Source: Entertainment – TIME | 27 Mar 2020 | 4:26 pm
Source: CNN.com - RSS Channel - Entertainment | 27 Mar 2020 | 3:05 pm
Source: Reuters: Entertainment News | 27 Mar 2020 | 2:34 pm
Two days after her final performance in the one-woman show My Name Is Lucy Barton on Broadway, Laura Linney was feeling a little dazed. “I’m completely disoriented now,” she said. “I sort of can’t believe it all happened.” For eight weeks, she had walked onstage and carried 90 minutes of drama, playing a woman looking back on a period of severe illness in an adaptation of Elizabeth Strout’s 2016 novel. It was a first for the 56-year-old Broadway, television and film veteran, who has racked up three Oscar nominations, four Tony nods and a mantel’s worth of Emmys. “I don’t think I had the experience to do it before now,” she said.
In a career spanning three decades, Linney has charmed viewers as a lovelorn graphic designer in Love Actually, breathed new life into First Lady Abigail Adams in the acclaimed miniseries John Adams and is now preparing for the March 27 release of the third season of Ozark, the Netflix drama in which she plays Wendy Byrde, the wife of Jason Bateman’s financial advisor turned money launderer for a Mexican cartel.
At the beginning of March, less than two weeks before Broadway would shut down indefinitely, Linney spoke to TIME about the subtleties of acting, having a child later in life and her one problem with Hamilton.
TIME: When you were first considering the role in Ozark and whether you wanted to be part of the show, you asked that Wendy be rewritten into a more complex character. Tell me about that process and how she has grown and become someone interesting for you to play.
Linney: It’s a great character, and that’s really all because of [showrunner] Chris Mundy and the writers. We all saw that there was potential for the lead character to have a partner who wasn’t just a superfluous spouse but someone who could add a dynamic that was not represented otherwise. There’s a whole sense of identity about Ozark. It asks questions of: Who are you? Who do you want to be? Who were you in the past? Particularly right now, given where we are in our country politically and culturally, we’re at a time where we’re all, hopefully, being forced to ask some uncomfortable questions.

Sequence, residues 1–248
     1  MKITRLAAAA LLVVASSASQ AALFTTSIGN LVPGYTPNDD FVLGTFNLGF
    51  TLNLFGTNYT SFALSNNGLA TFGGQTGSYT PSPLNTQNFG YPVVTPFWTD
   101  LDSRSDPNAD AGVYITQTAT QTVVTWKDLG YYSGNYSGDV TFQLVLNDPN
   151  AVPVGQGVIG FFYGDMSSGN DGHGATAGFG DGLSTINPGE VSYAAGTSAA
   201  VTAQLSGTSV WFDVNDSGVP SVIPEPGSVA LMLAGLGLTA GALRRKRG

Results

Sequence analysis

When you’re acting with someone over a period of time, like Bateman, you both have your individual conceptions of your characters. But then there’s also this third thing, which is the relationship between them. How do you figure out what that looks like?
Well, you don’t. You let it tell you what it is. You can’t be too knowing about stuff. Jason and I work very, very differently, which is a lot of fun. He grew up in television, I grew up in the theater. I learn a lot watching him work. I always feel like if I’m not surprised at least once a day by something, then I’m cutting myself short and I’m depriving the story of a sense of life.
I love the idea of those surprises. What’s an example?
The way I can compare it is sort of like a recipe. I know there’s going to be flour, sugar, butter, this, that. But until I put them all together, I don’t know how they’re going to react to each other. In some ways, I prepare for a scene. But then I’ll show up on the day, and Jason and I will be in a room together, and he’ll do something that will just throw me for a loop—and my reaction will surprise me. Then we’ve learned something. That’s where the fun of it is.
You just finished your run performing My Name Is Lucy Barton on Broadway. How did you manage so many consecutive performances of a one-woman show?
It’s by far the hardest thing I’ve ever done, hands-down. And I don’t think I could have done it any other time in my life. It takes knowing yourself, knowing how to take care of yourself to execute something like that over a long period of time. It’s weirdly athletic in nature, and a completely unnatural thing to do, to be onstage alone and talk nonstop for 90 minutes. I’m so grateful that I did it. I’m also glad when they offered it to me, that I said yes quickly. Because if I had thought about it for too long, I would have gotten scared and said no.
You played two people, both Lucy and her mother, and they each go through such different emotions over the course of the show. How do you set yourself up to be able to reach all those levels?
That’s like a 300-page dissertation. It takes an enormous amount of work. You try and get to know the material very intimately. There is something to be said about just the repetition—you get better, the more you do it. Four years at drama school did not hurt. There are technical challenges; the language is complicated, so it has to be presented in a way that can be heard. There’s a physical stamina challenge. There’s a vocal challenge.
Did you avoid speaking for the rest of the day during this period?
Well, no. I have a small child, so that would have been awful for him. But my whole day was about staying healthy to do that show with the agility that it deserves—and hoping to do it with a sense of love, so I wasn’t someone who was put-upon by the responsibility but someone who would feel joyful in doing it. I’m so proud that I made it through. It’s changed me in ways that I don’t even quite understand yet.
Do you get stage fright?
Oh, sure. I get nervous all the time. Absolutely.
How do you deal with it?
You try to think as little about yourself and as much about the material as possible. Because at the end of the day, it has very little to do with you. I just try to get myself out of the way.
On the flip side, do you have any audience pet peeves?